TEN DAYS FROM the start of his second term,Gov. William Donald Schaefer finds himself under a barrage of criticism. Regardless of what he does, he gets hammered. Not so much by the press as by angry citizens.
They blame him for the state's $423 million deficit, for huge cost-overruns on construction projects, for daring to propose layoffs and for being a ''big-spending'' governor even in bad economic times.
If anything goes wrong in Maryland, folks are quick to blame Governor Schaefer.
Part of this is the governor's penchant for high visibility. Everywhere there is a state project, you see the name ''Schaefer.'' He's constantly in the news. And yet right now, the last thing Marylanders want to hear or see is another politician spouting off. They are fed up with politics and government.
Much of the governor's problem stems from myths that have surfaced about the causes of the state's current budget deficit.
On most of these counts, Mr. Schaefer gets blamed because people don't understand how government functions. They are looking for a simple explanation when the answer is highly complex. The governor has become a scapegoat for the distrust and disgust citizens feel toward government.
Here are some Schaefer myths:
* He squandered a $400 million surplus. That's why we have this deficit.
Not true. Most of that surplus went toward one-time expenses, such as paying off savings and loan depositors from that Hughes-era fiasco or embarking on much-delayed construction projects at state prisons, colleges and hospitals. Some money went for new state buildings so agencies wouldn't have to pay expensive rents in Annapolis.
Mr. Schaefer did not use the surplus to vastly expand government. The legislature made sure of that. Nor did the governor use the money to cut taxes. That strategy is what got New York and Massachusetts into far worse fiscal nightmares. Even if the governor had set aside the entire $400 million surplus, it still wouldn't cover the deficit. There would be a gap of $23 million this year -- and a $200 million-plus shortfall in the next budget.
* He's wasting all our money on a baseball stadium.
You can't cancel the stadium when it is already rounding second base. Even if you could, it wouldn't make a dent in the deficit. The cost of the project is $24 million a year, from instant-lottery receipts. That's enough to pay off the bonds.
Nor is it a waste. Its construction helped guarantee the Orioles would remain in Baltimore. It also is likely to spur economic development that could mean thousands of jobs, new shops, offices and restaurants and millions in extra tax revenue.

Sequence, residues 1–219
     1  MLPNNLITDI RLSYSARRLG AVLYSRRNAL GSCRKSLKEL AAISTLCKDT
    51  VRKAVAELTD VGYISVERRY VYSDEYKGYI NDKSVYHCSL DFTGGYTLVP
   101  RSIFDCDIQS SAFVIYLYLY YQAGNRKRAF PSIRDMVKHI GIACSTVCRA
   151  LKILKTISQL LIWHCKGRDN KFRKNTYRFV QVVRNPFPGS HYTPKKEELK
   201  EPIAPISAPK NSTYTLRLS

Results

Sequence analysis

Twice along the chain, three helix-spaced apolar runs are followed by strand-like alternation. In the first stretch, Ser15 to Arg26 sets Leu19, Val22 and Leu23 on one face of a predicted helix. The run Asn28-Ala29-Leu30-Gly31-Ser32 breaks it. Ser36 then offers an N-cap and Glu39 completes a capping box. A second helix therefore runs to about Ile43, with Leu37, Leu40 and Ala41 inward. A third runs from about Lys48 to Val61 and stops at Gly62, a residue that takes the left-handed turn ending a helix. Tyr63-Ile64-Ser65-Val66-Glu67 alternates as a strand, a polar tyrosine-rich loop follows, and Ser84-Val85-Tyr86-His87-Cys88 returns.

* He's going to raise the gas tax because of the cost-overruns on a Baltimore trolley line.
The Central Light Rail Line is indeed far over its original budget. But now it is on schedule and costs may even drop a bit. Much of the line will be finished by late spring, so this expense has little to do with the need for raising the gas tax.
The problem is the state has too many costly road and mass-transit projects planned for the next six years and not nearly enough money because tax receipts dropped in a hurry when the recession hit.
* He wasted all that taxpayer money on fixing up the Governor's Mansion.
Wrong. Most of this money was donated by friends of the governor. Private money, not public funds, refurbished the mansion.
* He is throwing money away on a golf course in Western Maryland.
Yes, the governor wants to use state funds to leverage private dollars on the Rocky Gap golf course and conference center. Its impact on the budget is minimal. Yet the project could mean hundreds of badly needed jobs for the depressed region and stimulate new development.
* He is taxing us to death.
Not true. There has been no general tax increase in the Schaefer years. The gas tax was raised to pay for $1 billion worth of road and mass-transit improvements, but that has been the only substantive tax hike in four years.
* He wants to go on another $1 billion spending binge with the Linowes tax commission report.
Most of this new tax money would be returned to the counties or local schools or earmarked for transit projects. Relatively little would remain for a gubernatorial binge.
* He should have been frugal so we wouldn't be running a big deficit.
The governor's spending habits had nothing to do with the deficit. It cropped up suddenly, soon after Saddam Hussein invaded Kuwait and oil prices soared. Maryland's economy plummeted, catching everyone by surprise. That's the cause of the budget gap, plain and simple.
You can blame William Donald Schaefer all you like, but the verdict here is ''not guilty.''